Training in Britain for psychiatrists from overseas – authors' reply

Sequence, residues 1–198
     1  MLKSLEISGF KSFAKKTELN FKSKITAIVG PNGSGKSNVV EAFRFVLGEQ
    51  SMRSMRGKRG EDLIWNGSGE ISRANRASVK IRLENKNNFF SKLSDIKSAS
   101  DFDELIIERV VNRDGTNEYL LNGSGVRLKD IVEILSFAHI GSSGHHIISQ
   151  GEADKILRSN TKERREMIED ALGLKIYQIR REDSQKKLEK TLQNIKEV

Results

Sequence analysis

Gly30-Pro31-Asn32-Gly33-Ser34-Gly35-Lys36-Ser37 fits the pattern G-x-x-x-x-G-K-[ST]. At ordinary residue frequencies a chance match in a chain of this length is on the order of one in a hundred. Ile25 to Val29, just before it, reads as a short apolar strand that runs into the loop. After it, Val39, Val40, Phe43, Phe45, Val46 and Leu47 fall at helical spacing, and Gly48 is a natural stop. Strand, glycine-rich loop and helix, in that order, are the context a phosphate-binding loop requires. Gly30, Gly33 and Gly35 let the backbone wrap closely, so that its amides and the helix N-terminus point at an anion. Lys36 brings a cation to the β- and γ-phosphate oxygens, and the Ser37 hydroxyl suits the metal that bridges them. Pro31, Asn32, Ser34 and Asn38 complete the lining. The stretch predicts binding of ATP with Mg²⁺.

The letter by Professor Khalida Tareen (2000) is long enough to raise one's hopes that our article (Reference Mubbashar and HumayunMubbashar & Humayun, 1999) has generated a stimulating response. Unfortunately, the criticism is not only generalised but also betrays the author's sensitivity to shortcomings of the system in which we operate. Nowhere in our article did we denigrate the local training systems. In fact, the whole purpose of scrutinising the process of training is to identify gaps and enhance efforts to improve the practice of psychiatry in developing countries. One of the authors has struggled to develop psychiatric training in Pakistan for the past 30 years and finds it heartening that others have similar faith in local training. One would hope that with continuing efforts, future psychiatrists will have a better choice of training venues. Colleagues working in the UK or trainees intending to proceed to the UK have not been subjected to any kind of discouragement. On the contrary, it is emphasised that those proceeding to the UK must do so with a clear direction and should aim to achieve their goals of completion of training within a limited time. Once this is achieved, their expertise should be available to those who need it most. We already believe that British psychiatry has the potential to contribute tremendously towards the training of psychiatrists from other countries. The current training programmes in UK have been examined to make these more beneficial for the development of mental health care in developing countries. The authors strongly feel that most existing schemes, although geared towards excellent training, are designed to equip psychiatrists for clinical practice in Britain. The University of Manchester is unique in organising an MSc in psychiatry for developing countries, which is an advanced training programme designed specifically for psychiatrists from developing countries. It aims to combine high-quality British training with special efforts to meet the training needs of developing countries. The course helps students to apply the acquired clinical skills to their clinical practice and service development in their own countries. We are quite aware of the absence of accurate data about some of the premises used in the article. We would like to reinforce that all training must be mission-oriented. From the time the overseas training schemes started, how many have produced better and more successful psychiatrists? How many trained psychiatrists returned home, remained in the UK or settled elsewhere? There may be many more relevant questions that will help the planners to make the entire scheme purposeful and rewarding. Monitoring of results of training and post-training employment at various stages will enable the Royal College of Psychiatrists to modify existing programmes. Professor Tareen's rare agreement with some of our suggestions encourages us to believe that a healthy debate may lead to a constructive outcome and not to the discontinuation of training of overseas doctors in Britain.